(*** Physical Constants ***)
Alphal = .00011234
47


L = 0.00635
To = 25
Tinf = 22
k = 384
hi = 12
h2= 12
g = 2519
HI =hl/k
H2 = h2/k
fl = g (Tinf hi)
f2 = h2*Tinf
lint = 3
(*** Initialize Eigenvalues ***)
Array [Betal,lmt]
(Betal [1 ] .Betal [2],Beta 1 [3], Betal [4],Betal [5],
Betal [6],Betal [7],Betal [8],Betal [9],Betal [10] }=
{3.73401,494.76718, 989.49209, 2968.44008221, 3957.91656364,
4947.39365295, 5936.8710462, 6926.34861313,7915.82628861,
8905.30403645)
(** Formulation of the Temperature Function **)
Num = (Betal[m] Cos[Betal[m] x]) + (HI Sin[Betal[m] x])
Deni = (Betal [m]A2 + H1A2)
Den2 = L + (H2/(Betal[m]A2 + H2A2))
Den = (Deni Den2) + HI
Expo = Exp[-Alphal Betal [m]A2 t]
Intgmd=(Betal[m] Cos[Betal[m]*xp]) + (HI Sin[Betal[m] xp])
Int 1 =Integrate [Intgmd, {xp,0,L) ]
Mull = To Expo Inti
Mul2=(fl/(k Betal [m])) (1 Expo)
Mul3=(f2/(k Betal [m])A2) ((Betal [m] Cos[Betal[m] L]) + (HI Sin[Betal[m] L])) (1 -
Expo)
(** Construct T(x) and Sum **)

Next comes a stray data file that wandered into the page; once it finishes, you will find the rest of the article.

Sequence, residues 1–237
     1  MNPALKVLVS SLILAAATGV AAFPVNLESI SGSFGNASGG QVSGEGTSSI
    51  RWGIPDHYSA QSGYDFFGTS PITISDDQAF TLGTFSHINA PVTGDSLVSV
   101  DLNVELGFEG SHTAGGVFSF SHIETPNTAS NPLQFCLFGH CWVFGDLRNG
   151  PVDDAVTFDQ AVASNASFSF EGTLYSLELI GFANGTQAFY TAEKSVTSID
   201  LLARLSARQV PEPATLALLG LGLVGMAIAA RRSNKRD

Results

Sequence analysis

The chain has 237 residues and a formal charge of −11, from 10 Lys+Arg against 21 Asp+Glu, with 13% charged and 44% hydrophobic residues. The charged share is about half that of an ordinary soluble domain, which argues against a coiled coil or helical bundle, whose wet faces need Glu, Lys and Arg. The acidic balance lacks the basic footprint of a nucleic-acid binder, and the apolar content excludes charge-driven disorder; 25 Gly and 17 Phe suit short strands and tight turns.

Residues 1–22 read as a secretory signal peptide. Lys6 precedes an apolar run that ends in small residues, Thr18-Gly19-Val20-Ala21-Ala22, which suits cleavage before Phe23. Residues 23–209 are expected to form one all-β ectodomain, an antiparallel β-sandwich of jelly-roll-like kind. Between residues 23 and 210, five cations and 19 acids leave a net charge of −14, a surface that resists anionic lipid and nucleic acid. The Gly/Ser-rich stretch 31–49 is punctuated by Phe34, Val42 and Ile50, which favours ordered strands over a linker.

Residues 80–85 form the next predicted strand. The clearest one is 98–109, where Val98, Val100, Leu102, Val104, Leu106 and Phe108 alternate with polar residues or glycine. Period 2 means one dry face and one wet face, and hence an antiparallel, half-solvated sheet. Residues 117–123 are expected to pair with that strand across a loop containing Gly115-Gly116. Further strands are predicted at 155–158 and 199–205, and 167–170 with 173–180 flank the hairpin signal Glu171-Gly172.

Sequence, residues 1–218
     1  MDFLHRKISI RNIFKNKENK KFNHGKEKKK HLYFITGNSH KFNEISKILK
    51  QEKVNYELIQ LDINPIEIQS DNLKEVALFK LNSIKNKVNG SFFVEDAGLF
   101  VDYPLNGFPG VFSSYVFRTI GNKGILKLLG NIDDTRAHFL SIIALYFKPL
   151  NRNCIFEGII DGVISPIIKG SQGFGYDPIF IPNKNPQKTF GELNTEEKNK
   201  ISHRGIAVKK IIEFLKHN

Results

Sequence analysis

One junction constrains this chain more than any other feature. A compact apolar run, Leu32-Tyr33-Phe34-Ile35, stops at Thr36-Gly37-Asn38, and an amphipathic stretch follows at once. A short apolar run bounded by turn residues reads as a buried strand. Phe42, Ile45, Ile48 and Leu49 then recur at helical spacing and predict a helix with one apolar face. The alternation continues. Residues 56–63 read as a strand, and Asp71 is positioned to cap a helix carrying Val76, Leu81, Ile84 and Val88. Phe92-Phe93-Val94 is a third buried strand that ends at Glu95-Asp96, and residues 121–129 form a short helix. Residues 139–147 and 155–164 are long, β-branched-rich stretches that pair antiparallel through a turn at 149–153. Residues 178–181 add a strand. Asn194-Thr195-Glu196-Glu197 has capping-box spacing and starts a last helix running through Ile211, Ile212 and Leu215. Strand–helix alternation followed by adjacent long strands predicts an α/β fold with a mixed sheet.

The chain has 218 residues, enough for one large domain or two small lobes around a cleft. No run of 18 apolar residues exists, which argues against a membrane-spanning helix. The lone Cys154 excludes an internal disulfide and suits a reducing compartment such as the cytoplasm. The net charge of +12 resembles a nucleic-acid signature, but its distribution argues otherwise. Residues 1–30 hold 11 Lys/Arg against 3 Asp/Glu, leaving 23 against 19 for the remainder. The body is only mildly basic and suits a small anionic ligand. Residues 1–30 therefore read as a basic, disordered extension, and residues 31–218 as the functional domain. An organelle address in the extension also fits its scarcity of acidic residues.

Tfunc = (Num/Den) (Mull + Mul2 + Mul3)
Tsum = Sum[Tfunc,{m,l,lmt)]
Txt = 2 Tsum
(** Post Process T(x,t) **)
N[Txt/.{ t -> 0, x -> L},12]
plal2d=Plot[Txt/.{x -> L), {t,0,2400), Frame -> False,
GridLines -> Automatic,
AxesLabel -> {"time (s)", "temp (C)"},
PlotRange -> {20,70),
PlotLabel -> "h = 20,14, z = .006; q=2519"]
Listing of Mathematica Program CPPR1
Figure 3.5
A number of calculations of T(x,t) were done using varying values of qi...u,.^. hj and h2. The first
calculation employed a nominal qcaiCuiated for the 8W experiment of 2519 W/m2. This nominal qCaicuiated
when combined with hi = h2 = 12 W/m2 C, approximated the measured data for T(x,t) poorly. Many
more calculations were performed using various combinations of qcaicuiated> hi, and h2. The calculations
best approximating T(x,t) as measured are shown in figure 3.6. These approximations all hold ht and